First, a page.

Newspaper Page Text
One Gallon a Month Law
Before Supreme Court
Continued from Page Two.)
I'l'fcriittn ? -1 rlnill C l'A\ ( ( . A.). 210 I'cd. Rep.
^Oi ? V . - \ - ' . , k
is nothing" in the tern .- t the \\ ebb-Kenyon Act to
indicate that the State laws retY :vd to therein must constitute
a total prohibition of the recei; i, :-os-ess:r-n. sale, or use in
any manner, of intoxicating liquors.
A regulatory or restrictive measure short of total prohibition
is a police measure and has been held to be within the
terms of the Wilson Act of i8go.
Vancc v. I'andcrcook. 170 t\ S. (reversing on this point.
]'undercook v. I'ancc. 80 Fed. 786).
Revmann Brewing Co. v. Pristcr, 179 I*. S. 445.
Pabst Brcti'ing Co. <\ Crenshaw, k>8 l\ S. 17, 25.
Phillips v. City of Mobile. 208 I". S. 472.
Tinker v. State, go Ala. 638, 641.
Stevens r. State. 60 Ohio State, 605: 56 X. E. 479.
We submit that the Webb-Kenyon Act. viewed as a regulation
by Congress of interstate commerce, prevents any difficulty
as to shipments of liquor for personal use; that the language
is clearly broad enough to include such shipments, if a State
law against receipt or possession of liquors for personal use
offends 110 provision of the State constitution, nor the Four
teenth Amendment to the Federal Constitution. The WebbfOenyon
Act would accomplish very little if construed in such
a way that liquors for personal use, or liquors claimed to be
for such use. may continue to freely move in interstate
It must be noted that in Adams Express Co. v. Commonwealth
of Kentucky, 238 L\ S. 190, this Court held that the
shipment in question was not illegal in view of the laws of
Kentucky, "as construed by the highest court of that State''
in mi- u-nv mm mi tt i no- itself to the correctness of such
construction of the laws and Constitution of Kentucky. The
Kentucky statute was not by the Supreme Court subjected to
the test of the Fourteenth Amendment to the Federal Constitution
; nor did the Court declare that the result in the case
was one of general application and that no other State could
constitutionally forbid the receipt and possession by a citizen
of intoxicating liquors for personal use. j
The Webb-Klenyon Act is in the form of a prohibition
aorain^t- <hinmpnt of Honor in interstate commerce in defined
'* -?Jt - - ?1 ? / f
1 cases; it is well settled that Congress may regulate commerce
by adopting prohibitions excluding certain articles from the
right to be transported from one State into another.
Champion v. Aims, 188 U. S. 321. (Lottery tickets.)
- U. S. v., Freight Association, 166 U. S. 290.
U. S. v. Freight Association, 171 U. S. 505.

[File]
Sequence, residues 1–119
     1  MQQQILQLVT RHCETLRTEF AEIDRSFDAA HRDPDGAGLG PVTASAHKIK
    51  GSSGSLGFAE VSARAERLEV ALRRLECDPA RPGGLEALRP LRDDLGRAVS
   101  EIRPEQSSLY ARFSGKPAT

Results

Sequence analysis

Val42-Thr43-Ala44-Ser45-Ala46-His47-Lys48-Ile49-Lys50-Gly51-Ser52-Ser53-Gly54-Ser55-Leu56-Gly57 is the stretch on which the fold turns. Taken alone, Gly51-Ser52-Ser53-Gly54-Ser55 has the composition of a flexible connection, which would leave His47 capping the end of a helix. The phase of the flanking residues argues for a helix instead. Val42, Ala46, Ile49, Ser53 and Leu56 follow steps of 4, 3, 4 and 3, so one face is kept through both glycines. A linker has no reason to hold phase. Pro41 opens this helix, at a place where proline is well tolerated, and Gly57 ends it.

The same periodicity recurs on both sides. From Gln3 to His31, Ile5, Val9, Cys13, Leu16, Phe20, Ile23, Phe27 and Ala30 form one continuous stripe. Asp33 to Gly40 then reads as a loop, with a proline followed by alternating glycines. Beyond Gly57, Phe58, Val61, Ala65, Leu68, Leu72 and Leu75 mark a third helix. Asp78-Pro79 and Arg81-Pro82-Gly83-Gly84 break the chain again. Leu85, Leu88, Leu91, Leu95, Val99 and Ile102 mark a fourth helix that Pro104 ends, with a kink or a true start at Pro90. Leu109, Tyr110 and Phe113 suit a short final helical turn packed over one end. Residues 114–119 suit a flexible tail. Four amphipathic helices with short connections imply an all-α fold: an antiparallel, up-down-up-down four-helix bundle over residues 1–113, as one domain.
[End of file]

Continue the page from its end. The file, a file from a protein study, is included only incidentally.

Addvstone P. & S. Co. v U. S., 175 U. S. 211. (Prohibitory
y S ~
clauses of Sherman Anti-Trust Act.)
Hoke v. U. S., 227 U. S. 308. (White slave traffic.)
Hipolitc Egg Co. v. U. S., 220 U. S. 45. (Adulterated articles
Re id v. Colorado, 189 U. S. 137. (Live stock having infectious
and contagious diseases.)
State v. JJ. S. Express Co. (Ia.), 145 N. W. 451.
U. S. v. Forty-three Gallons of Whiskey, 93 U. S. 188.
Perrin v. U. S.. 232 U. S. 478.
Buttficld v, Stranahan, 192 U. S. 470. !
U. S. v. Boppcr. 98 Fed, Rep, 423.
State v. Cardzvcll, 81 S. E. 628, 632. (Opinion of Chief
ft West Virginia v. Adams Express Co., r,. C. A.) 219 Fed
r Rep. 794.
Neither the Fourteenth Amendment to the Federal
Constitution nor the "due process'' clause of
State Constitutions guarantee to a citizen of a
State the right to receive and possess intoxicating
> liquors for personal use in unlimited quantities, or
in any quantity, as against the exercise of the
policc pozi'er by the State. There is no such
guaranty to a citizen of South Carolina in the
Constitution of this State.
We propose to develop the proposition just stated, in para-!
graphs to follow, under appropriate heads.
I. ALCOHOL AS A BEVERAGE IS INHERENTLY HARMFUL
At this point we quote an extract from an article on
"LEGAL ASPECTS OF PROHIBITION/' by Herbert C.
Shattuck. A. 15.. LL. B.. of the Xew York Bar. in "Case and
Comment" for December. 1913, page 64t, as follows:
"The basic fact underlying all agitation for the restriction
or prohibition of the traffic in intoxicating liquors is that alcohol.
the essential ingredient of' those liquors. is inherently harmful
* (7/f (/ dangerous when used as a here rage. The scientific accuracy
of this statement now seems t<> be generally recognized.
* ' m _ *
The public schools of the nation teach it. Alcohol is ? waste
product in the activity of the yeast plant (('. F. 1 lodge, Clark
University, 'Physiological Aspects of the Liquor Problem'),
an excrement of the yeast fungus, a parasite which is midway
between a plant and an animal.? (T. Alexander MacXicholl.
M. D., Xew York, Vice President American Medical Soc. for
the Study of Alcohol and other Xarcotics.) Alcohol is an
active poison to the nervous system.?(i Wharton & S. Med.
Jr., 5th Ed. Sec. 921.) It ranks with other poisons like strychnine,
arsenic and opium.? (Sir Andrew Clark, Physician to
Oueen Victoria.) If it is a food, it is a poisoned food.?(Dr. F.
Peterson. New York.)
"This dangerous character of alcoholic liquor? is recognized
also by the Courts. Thev have declared that intoxicating liquor
in its nature is dangerous to the morals, good order, health
and safety of the people, and is not to be placed on the same
footing with the ordinary commodities of life.?(State ex
rel George v. Aiken. 42 S. C. 222. 20 S. E. 221, 26 L. R. A.
345 Schwartz v. People. 46 Colo. 239, 104 Pac. 92.)
p 44If then alcohol is a dangerous drug", it is but natural that
the traffic in alcoholic liquors should not be considered in the
same light as business of other kinds, but should be separated
from them and be treated on its own merits. The Court?
positions upon it by several States, and if a law passed by a[ <
State in the exercise of its acknowledged powers comes in
! conflict with that will, the Congress and the State can not j
| occupy the portion of equal opposing sovereignties, because |